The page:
We did the Pirates of the Caribbean ride, which was fun, and watched the fireworks again, which was still wonderful, and called it a night.


And it was back to the Magic Kingdom again on day five! We hit Tomorrowland first and rode the infamous Space Mountain. I have always heard about Space Mountain and how popular it is. Well, it is popular; the line was long and the ride was like nothing else I have ever done, but to tell you the truth, it was probably everyone’s least favorite ride of the whole trip. It was all in the dark, very fast, full of hard jerks and turns, and well, just scary and unpleasant instead of fun. I suppose you will want to see for yourself and ride it anyway, but we didn’t like it. And thank goodness we had a Fast Pass for it; if we had waited in line forever to ride it only to be so disappointed, we would have been some unhappy campers.

And speaking of Fast Passes, if you are not familiar with them, let me tell you that if you aren’t willing to fork over whatever they cost, don’t even bother going. Fast Passes allow you to breeze past all the hot, grumpy people waiting in the regular line-sometimes for hours, literally-and get on the ride without having to wait. I don’t know what they cost because Bill made all the arrangements for the trip, and I am sure there is more than one package to choose from, but whatever they cost, they are worth it. Of course, if everyone buys them, then they won’t be so fast! But I think the price keeps that from happening. And besides, once you commit to go to Disney World, or Disneyland, or Universal Studios, or wherever, you have already signed away a boatload of money. No reason to stop now. Fast Passes help you enjoy the trip.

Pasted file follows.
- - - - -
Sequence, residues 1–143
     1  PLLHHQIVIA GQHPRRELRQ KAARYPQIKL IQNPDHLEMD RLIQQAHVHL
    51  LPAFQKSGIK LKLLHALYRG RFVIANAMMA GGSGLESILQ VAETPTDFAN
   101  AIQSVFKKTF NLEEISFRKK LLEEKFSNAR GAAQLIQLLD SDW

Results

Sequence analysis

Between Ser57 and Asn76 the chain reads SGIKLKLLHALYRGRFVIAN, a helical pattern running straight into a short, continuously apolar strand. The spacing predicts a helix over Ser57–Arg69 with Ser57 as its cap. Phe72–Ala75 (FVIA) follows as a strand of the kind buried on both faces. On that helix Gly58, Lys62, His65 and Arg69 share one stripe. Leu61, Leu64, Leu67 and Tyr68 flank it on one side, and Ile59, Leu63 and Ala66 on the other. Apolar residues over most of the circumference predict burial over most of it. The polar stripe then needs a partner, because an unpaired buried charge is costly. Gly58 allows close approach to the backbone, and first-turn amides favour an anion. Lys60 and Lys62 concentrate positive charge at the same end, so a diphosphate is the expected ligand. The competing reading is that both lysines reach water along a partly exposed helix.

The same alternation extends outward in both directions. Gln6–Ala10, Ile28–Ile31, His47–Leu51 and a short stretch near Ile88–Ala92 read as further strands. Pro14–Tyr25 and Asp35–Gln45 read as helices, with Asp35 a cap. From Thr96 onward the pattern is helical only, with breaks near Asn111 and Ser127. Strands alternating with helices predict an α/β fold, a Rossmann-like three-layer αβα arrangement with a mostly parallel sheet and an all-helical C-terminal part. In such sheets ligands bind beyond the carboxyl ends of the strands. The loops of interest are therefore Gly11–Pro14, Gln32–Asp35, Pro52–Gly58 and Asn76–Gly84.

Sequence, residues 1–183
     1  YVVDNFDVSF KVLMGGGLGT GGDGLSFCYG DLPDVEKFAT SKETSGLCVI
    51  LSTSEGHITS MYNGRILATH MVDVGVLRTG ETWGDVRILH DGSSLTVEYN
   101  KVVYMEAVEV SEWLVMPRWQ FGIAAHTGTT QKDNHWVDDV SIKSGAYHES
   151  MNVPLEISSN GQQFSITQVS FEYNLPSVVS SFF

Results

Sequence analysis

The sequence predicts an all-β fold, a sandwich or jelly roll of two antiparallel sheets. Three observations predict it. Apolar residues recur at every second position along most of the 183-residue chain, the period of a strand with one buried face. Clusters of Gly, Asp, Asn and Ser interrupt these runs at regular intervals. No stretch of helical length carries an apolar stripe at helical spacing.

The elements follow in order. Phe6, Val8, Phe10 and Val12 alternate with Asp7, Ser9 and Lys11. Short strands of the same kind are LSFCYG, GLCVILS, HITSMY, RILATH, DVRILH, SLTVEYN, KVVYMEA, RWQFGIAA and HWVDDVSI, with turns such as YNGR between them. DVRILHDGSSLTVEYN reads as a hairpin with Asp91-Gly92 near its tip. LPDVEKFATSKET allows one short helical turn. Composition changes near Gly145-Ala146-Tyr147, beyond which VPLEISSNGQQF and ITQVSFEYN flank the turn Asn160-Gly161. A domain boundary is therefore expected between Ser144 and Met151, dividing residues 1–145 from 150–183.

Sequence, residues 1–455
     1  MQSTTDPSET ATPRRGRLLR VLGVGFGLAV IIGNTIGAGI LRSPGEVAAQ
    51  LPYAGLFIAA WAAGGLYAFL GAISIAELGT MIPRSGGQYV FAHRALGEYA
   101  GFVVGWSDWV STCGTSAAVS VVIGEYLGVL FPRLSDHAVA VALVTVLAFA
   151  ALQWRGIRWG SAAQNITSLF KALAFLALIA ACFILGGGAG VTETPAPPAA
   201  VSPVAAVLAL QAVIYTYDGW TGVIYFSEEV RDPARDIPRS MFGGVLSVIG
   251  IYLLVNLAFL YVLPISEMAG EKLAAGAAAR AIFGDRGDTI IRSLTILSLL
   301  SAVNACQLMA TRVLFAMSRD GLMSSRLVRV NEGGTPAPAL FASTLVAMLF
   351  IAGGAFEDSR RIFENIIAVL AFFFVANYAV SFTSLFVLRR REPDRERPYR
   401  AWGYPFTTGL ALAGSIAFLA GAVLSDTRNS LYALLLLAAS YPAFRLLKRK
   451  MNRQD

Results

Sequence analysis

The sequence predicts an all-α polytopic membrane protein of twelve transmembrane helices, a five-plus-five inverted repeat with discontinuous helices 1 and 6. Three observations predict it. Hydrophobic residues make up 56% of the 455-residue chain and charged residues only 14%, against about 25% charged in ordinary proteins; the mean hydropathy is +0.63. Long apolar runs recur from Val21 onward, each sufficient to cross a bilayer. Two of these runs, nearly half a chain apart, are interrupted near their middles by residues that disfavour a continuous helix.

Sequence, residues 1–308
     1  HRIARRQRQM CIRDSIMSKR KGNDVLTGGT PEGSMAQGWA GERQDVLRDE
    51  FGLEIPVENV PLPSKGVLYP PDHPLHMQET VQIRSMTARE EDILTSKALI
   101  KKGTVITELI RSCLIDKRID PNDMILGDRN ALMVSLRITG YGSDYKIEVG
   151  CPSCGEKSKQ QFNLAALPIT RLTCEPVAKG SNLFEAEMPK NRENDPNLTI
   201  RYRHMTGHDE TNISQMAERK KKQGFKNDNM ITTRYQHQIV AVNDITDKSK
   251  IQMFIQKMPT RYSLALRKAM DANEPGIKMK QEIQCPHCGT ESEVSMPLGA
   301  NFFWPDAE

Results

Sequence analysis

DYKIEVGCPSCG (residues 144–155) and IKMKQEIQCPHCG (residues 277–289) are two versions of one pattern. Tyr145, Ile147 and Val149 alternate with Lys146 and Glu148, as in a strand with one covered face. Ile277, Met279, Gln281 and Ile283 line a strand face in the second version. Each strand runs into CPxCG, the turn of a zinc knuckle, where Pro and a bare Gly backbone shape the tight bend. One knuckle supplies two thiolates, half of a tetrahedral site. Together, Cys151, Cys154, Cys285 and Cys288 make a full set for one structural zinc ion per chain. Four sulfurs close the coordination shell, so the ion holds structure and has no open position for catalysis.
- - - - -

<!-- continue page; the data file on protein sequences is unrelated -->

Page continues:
Space Orbiter was much more our speed than Space Mountain, and it was fun.


We left for Fantasyland and had fun on the Mad Tea Party ride, which I remember from my childhood trip to Disneyland way back last century when it was all new and shiny. “How many in your tea party?” the girl asked brightly as she directed us in our tea cups.


We hit the carrousel and all the little kids-well, their parents- grabbed the big horses, and I had to settle for a medium-sized one.


Maya, Erin, and I went to meet the princesses.


We also rode on Peter Pan’s Flight, another ride I remember from long ago, and I enjoyed that again. I think it was about the time we got out of that ride that the rain hit. Not a hard rain, but enough to get you wet and make a mess on the pavement. We were told it rains every afternoon there, and naturally, they have parkas and umbrellas handy to sell you, just in case. But by this time, the kids were about ready for a break, so we headed back to the RV. Bill and I went back later and rode the monorail just to get an overview of the whole Disney complex-and because we just wanted to ride a monorail!